The living conditions during the Industrial Revolution
Not only did England's population increase between 1750 (=140 million) and 1850 (=266 million), the location of that population changed significantly. In 1785, four cities in England and Scotland had populations of more than 50,000; and, the population of London in 1800 was about one million. By 1850, London's population had reached almost 2.4 million, and there were 9 cities with a population in excess of 100,000 and 18 with populations between 50,000 and 100,000. If inhabitants of towns under 50,000 are counted as urban dwellers, then 50% of the British population lived in towns and cities by mid-century. And as these new cities grew, inhabitants had to face tremendous political and social problems, the latter because living conditions in the industrial cities were poor. Problems with water, sewage, and garbage disposal were widespread, while housing was poorly constructed, dark, and unhealthy; it was common for an entire family to live in one room. According to a contemporary parliamentary report:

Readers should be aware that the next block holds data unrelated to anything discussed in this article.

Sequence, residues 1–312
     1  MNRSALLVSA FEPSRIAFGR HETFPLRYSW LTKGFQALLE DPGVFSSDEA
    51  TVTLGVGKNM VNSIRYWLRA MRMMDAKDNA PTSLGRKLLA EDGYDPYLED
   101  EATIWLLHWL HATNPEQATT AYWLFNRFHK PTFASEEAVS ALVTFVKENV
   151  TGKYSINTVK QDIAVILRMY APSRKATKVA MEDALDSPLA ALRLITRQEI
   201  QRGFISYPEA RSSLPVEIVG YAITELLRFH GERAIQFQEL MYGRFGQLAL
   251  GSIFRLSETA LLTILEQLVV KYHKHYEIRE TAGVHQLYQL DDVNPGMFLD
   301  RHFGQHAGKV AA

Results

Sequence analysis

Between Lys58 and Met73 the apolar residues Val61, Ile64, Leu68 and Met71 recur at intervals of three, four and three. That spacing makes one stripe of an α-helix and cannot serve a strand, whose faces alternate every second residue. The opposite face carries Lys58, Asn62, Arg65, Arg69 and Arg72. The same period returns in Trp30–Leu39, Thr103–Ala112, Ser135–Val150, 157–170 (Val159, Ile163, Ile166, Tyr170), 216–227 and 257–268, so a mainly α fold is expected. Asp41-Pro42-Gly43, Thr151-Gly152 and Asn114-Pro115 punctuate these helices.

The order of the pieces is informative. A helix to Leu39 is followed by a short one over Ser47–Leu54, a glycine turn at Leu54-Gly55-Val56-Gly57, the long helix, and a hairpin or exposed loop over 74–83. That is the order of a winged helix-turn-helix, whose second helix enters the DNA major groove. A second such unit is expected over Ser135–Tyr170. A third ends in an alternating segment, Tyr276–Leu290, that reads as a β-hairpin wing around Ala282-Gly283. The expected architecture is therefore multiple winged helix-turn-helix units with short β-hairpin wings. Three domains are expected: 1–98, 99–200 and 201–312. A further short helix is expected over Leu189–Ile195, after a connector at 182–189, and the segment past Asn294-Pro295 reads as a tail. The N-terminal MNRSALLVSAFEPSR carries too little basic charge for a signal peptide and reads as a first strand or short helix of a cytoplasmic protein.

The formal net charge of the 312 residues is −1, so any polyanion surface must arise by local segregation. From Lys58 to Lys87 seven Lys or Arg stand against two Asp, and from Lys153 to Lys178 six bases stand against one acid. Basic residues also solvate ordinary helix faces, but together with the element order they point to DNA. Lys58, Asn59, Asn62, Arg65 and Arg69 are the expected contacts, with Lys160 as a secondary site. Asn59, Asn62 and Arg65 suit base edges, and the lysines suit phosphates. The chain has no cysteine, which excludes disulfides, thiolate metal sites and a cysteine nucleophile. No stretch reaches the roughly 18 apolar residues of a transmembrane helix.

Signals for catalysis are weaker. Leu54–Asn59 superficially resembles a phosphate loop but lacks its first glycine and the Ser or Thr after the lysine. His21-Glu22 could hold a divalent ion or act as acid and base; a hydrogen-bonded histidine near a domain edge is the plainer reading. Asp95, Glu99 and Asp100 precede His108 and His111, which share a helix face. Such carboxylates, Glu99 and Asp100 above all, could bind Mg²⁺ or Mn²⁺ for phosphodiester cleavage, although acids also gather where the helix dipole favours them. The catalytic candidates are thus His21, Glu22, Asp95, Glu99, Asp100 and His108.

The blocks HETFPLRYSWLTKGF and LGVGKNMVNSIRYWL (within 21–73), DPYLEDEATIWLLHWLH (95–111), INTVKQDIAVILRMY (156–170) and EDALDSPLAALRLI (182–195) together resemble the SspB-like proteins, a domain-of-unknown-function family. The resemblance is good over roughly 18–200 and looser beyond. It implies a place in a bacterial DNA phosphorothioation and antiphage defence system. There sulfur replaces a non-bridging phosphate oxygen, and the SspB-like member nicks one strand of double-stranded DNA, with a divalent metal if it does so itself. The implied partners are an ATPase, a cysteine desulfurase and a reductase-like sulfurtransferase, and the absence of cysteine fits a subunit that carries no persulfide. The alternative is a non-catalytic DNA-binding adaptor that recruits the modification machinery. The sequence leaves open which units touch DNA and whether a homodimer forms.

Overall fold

In the centre of this street there is a gutter into which potato parings, the refuse of vegetable and animal matter of all kinds, the dirty water from the washing of clothes and of the houses are all poured, and where they stagnate and putrify . . . all the lanes and alleys of the neighborhood pour their contents into the centre of the main street . . . . Families live in the cellars and kitchens of these undrained houses. [Perry, West Civ, 4th ed, II, 490]
- Population increased to about 5.5 million people.
- There were very few buildings
- "A block of 40 houses would have possibly 6 toilets for all persons."